Court of Justice and the Security Council in Light of the Lockerbie Case, 88

Am. J. Int'l L. 643 (October 1994)("The relationship between the International

Court of Justice and the Security Council may be approached from the

perspective of the United Nations Charter and the way it delimits

competences between two principal UN organs and regulates the exercise

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of their concurrent powers."); Taslim O. Elias, The International Court of

Justice and Some Contemporary Problems (1979); Josh Briggs, Comment,

Sur Place Refugee Status in the Context of Vietnamese Asylum Seekers in

Hong Kong, 42 Am. U. L. Rev. 433, 457 (Winter 1993); and Gregory Gelfand,

International Penal Transfer Treaties: The Case for an Unrestricted

Multilateral Treaty, 64 Boston U. L. Rev. 563, 568 & n. 17 (May 1984). The

International Court of Justice is the successor to the Permanent Court of

International Justice. See Gowlland-Debbas, The Relationship between the

International Court of Justice and the Security Council in Light of the

Lockerbie Case, supra, 88 Am. J. Int'l L. at 643 n. 1 ("By contrast, the

Permanent Court of International Justice, though closely related to the

League of Nations, was independent of it.").

The International Court of Justice does not have jurisdiction over

criminal cases and collateral attacks on convictions. See, e.g., Questions of

Interpretation and Application of the 1971 Montreal Convention Arising from

the Aerial Incident at Lockerbie (Libya v. U.K.), 1992 I.C.J. 3, 15 (1992); and

Jeffrey J. Carlisle, Extradition of Governments as a Municipal Law Remedy

for State-Sponsored Kidnapping, 81 Cal. L. Rev. 1541, 1547-1572 & n. 171

(December 1993). The jurisdiction of the International Court of Justice is

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limited to disputes between nations. See United States v. Maine, 475 U.S.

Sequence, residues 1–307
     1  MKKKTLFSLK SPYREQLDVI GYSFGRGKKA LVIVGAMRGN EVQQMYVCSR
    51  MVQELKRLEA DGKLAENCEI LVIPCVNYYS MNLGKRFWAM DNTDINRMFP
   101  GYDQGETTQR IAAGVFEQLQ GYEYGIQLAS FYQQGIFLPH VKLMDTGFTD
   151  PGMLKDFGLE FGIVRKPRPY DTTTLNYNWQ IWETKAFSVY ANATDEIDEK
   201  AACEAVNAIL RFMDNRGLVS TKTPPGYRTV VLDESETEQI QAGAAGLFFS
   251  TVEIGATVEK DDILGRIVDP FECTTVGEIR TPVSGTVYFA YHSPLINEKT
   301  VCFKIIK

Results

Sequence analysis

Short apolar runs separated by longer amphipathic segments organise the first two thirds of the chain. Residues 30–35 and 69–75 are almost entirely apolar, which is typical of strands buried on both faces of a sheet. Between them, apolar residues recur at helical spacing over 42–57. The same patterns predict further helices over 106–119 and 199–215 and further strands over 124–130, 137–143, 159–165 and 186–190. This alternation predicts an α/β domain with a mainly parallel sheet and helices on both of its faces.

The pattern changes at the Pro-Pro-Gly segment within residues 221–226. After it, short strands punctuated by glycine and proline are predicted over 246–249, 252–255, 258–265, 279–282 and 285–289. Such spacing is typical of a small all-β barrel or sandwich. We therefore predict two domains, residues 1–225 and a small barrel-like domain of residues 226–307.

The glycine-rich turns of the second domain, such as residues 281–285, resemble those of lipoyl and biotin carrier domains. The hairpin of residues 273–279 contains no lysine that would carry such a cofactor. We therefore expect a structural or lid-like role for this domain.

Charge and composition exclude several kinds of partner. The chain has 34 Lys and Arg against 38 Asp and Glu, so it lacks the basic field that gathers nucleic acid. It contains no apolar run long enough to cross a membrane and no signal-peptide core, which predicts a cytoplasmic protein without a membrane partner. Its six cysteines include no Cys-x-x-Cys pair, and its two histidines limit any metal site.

89, 99 (1986), citing the Fisheries Case (United Kingdom v. Norway), 1951

I.C.J. 116 (1951). See also Daphne Barak-Erez, Israel: The Security

Barrier—Between International Law, Constitutional Law, and Domestic

Judicial Review, 4 Int'l J. Const. L. 540 (July 2006)(discussing various court

opinions, including ICJ advisory opinion, on construction of Israel’s security

barrier in Judea and Samaria). But see Firew Kebede Tiba, What Caused

the Multiplicity of International Courts and Tribunals, Gonz. J. Int'l L. 202


It should also be noted that the above-captioned case is barred by the

Foreign Sovereign Immunities Act of 1976 (as amended), 28 U.S.C. § 1602

et seq., because the International Court of Justice is part of the United

Nations. See, e.g., Hirsh v. State of Israel and State of Germany, 962

F. Supp. 377, 1997 U.S.Dist. LEXIS® 4406 (S.D.N.Y. 1997), affirmed without

opinion, 133 F.3d 907, 1997 U.S.App. LEXIS® 36435, 1997 WESTLAW®

(2nd Cir., December 31, 1997), cert. denied sub nomine, Berkowitz v. Israel,

523 U.S. 1062, 140 L.Ed.2d 651, 118 S.Ct. 1392, 1998 U.S. LEXIS® 2359

(1998). Furthermore, the Alien Tort Statute, 28 U.S.C. § 1350, does not

provide a basis for the exercise of jurisdiction over a foreign sovereign.

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Argentine Republic v. Amerada Hess Shipping Corp., 488 U.S. 428, 102

L.Ed.2d 818, 109 S.Ct. 683, 1989 U.S. LEXIS® 581 (1989)(generally, foreign

nations are immune from suit in the United States for non-commercial,

"public" acts).

Moreover, no state or federal court can issue process against the

United Nations and any of its component agencies or bodies by virtue of the

location of the United Nations Headquarters in New York City. See Curran

v. City of New York, 191 Misc. 229, 77 N.Y.S.2d 206 (Supreme Court,

Queens County, 1947)(International Organizations Immunities Act precludes

suits against the United Nations; grant of public lands in New York City to the

United Nations and exempting such lands from taxation were valid), affirmed,

275 A.D. 784, 88 N.Y.2d 924 (App.Div. 1949); and Bert B. Lockwood, The

United Nations Charter and United States Civil Rights Litigation: 1946, 1955,

69 Iowa L. Rev. 901 (May 1984)(discussing U.N. “Headquarters Agreement”

[22 U.S.C. § 287] between United States and the United Nations), which

cites, inter alia, Comment, The United Nations Under American Municipal

Law: A Preliminary Assessment, 77 Yale L. J. 778 (1946), and Ling, A

Comparative Study of the Privileges and Immunities of the United Nations

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Member Representatives and Officials with the Traditional Privileges and

Immunities of Diplomatic Agents, 33 Washington & Lee L. Rev. 91 (1976).